where is the SGEE-QIF estimator for given, is simply the number of nonzero coefficient. The selected minimizes the.

3.3. Choosing the Basis Matrices

The choice of basis matrices in (2.2) is not difficult, especially for those special correlation structures which are frequently used. If we assume is the first-order autoregressive correlation matrix. The exact inversion can be written as a linear combination of three basis matrices, they are, and, where is the identity matrix, has 1 on two main off-diagonals and 0 elsewhere, and has 1 on the corners (1, 1) and (m, m), and 0 elsewhere. Suppose is an exchangeable working correlation matrix, it has 1 on the diagonal, and everywhere off the diagonal. Then can be written as a linear combination of two basis matrices, is the identity matrix and is a matrix with 0 on the diagonal and 1 off the diagonal. More details about choosing the basis matrices can be seen in Zhou and Qu [20].

4. Simulation Studies

In this section we conduct a simulation study to assess the finite sample performance of the proposed procedures. In the simulation study, the performance of estimator will be assessed by using the average the mean square error (AMSE), defined as averaged over times simulated data sets.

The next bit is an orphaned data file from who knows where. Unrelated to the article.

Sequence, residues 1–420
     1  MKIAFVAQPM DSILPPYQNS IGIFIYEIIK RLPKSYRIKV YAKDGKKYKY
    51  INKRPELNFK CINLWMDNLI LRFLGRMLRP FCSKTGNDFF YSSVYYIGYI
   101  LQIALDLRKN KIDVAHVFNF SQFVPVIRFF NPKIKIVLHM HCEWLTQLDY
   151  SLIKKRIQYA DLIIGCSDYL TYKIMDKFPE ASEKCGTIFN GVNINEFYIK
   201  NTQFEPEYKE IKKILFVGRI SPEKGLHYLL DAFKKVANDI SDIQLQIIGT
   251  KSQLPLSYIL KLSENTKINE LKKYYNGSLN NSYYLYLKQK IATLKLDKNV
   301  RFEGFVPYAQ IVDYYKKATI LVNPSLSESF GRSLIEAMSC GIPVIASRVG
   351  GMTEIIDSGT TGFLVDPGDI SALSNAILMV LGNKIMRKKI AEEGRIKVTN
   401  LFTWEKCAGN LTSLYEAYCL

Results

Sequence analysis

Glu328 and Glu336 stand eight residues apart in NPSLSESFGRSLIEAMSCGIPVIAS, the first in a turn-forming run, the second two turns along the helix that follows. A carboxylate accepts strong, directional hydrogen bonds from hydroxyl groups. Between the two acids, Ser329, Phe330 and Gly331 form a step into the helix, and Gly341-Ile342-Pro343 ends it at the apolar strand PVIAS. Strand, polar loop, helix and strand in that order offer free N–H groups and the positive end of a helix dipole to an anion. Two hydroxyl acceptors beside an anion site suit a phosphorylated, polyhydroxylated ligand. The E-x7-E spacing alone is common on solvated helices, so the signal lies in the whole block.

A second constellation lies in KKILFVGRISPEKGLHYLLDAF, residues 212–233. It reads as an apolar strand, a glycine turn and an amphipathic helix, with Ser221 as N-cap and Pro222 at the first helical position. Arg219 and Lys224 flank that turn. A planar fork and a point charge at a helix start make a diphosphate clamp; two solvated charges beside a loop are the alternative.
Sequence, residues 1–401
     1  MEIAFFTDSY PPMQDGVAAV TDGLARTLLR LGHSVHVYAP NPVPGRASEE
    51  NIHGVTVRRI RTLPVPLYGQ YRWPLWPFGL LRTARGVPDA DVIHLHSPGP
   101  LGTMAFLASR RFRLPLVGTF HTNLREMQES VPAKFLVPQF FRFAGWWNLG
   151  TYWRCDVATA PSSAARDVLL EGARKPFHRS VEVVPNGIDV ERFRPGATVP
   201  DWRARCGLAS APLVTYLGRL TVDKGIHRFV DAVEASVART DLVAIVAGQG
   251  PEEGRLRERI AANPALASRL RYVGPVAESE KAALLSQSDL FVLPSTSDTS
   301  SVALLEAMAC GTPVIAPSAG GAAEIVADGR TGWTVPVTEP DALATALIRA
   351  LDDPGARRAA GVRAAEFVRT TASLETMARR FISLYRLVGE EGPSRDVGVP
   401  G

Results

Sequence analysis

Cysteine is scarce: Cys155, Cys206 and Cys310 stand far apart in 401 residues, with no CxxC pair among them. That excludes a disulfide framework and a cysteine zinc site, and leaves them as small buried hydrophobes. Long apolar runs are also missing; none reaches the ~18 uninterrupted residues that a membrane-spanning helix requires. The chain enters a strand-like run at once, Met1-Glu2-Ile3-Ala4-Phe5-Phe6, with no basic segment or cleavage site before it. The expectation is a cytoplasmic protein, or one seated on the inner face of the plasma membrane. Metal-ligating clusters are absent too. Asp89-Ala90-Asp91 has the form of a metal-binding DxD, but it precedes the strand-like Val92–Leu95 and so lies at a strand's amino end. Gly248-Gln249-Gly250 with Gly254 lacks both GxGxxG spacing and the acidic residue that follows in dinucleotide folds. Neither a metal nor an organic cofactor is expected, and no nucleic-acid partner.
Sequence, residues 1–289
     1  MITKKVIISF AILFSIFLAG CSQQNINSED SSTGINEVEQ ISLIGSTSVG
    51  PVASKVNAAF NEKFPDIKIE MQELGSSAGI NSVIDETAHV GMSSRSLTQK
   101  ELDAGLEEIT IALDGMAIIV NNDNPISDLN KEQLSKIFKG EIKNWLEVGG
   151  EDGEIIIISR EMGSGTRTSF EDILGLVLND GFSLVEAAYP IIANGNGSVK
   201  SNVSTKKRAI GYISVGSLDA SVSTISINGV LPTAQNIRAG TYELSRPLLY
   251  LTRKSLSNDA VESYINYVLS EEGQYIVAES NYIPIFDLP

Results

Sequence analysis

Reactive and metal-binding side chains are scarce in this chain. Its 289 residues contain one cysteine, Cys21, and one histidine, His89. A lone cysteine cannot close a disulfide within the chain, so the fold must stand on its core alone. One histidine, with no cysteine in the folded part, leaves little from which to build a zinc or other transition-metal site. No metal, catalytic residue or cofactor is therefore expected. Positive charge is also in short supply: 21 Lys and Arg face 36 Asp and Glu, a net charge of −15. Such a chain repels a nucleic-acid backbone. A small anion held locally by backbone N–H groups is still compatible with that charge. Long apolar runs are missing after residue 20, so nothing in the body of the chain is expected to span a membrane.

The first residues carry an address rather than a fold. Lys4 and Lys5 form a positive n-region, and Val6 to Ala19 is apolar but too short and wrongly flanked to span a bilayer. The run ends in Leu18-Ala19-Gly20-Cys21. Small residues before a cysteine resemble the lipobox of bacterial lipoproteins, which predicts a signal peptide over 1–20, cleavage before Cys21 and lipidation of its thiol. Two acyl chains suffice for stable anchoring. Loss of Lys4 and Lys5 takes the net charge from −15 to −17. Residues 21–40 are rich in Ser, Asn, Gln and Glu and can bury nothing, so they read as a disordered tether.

We simulate data from the model (1.1), where with, and.

While the remaining coefficients, corresponding to the irrelevant variables, are given by zeros. In addition, let

, where denotes the largest integer not greater than. To perform this simulation, we take the covariates from a multivariate normal distribution with mean zero, marginal variance 1 and correlation 0.5. The response variable is generated according to the model. And error vector

, where and is a known correlation matrix with parameter used to determine the strength of with-subject dependence. Here we consider has the firstorder autoregressive (AR-1) or compound symmetry (CS) correlation (i.e. exchangeable correlation) structure with. In the following simulations, we make 500 simulation runs and take and.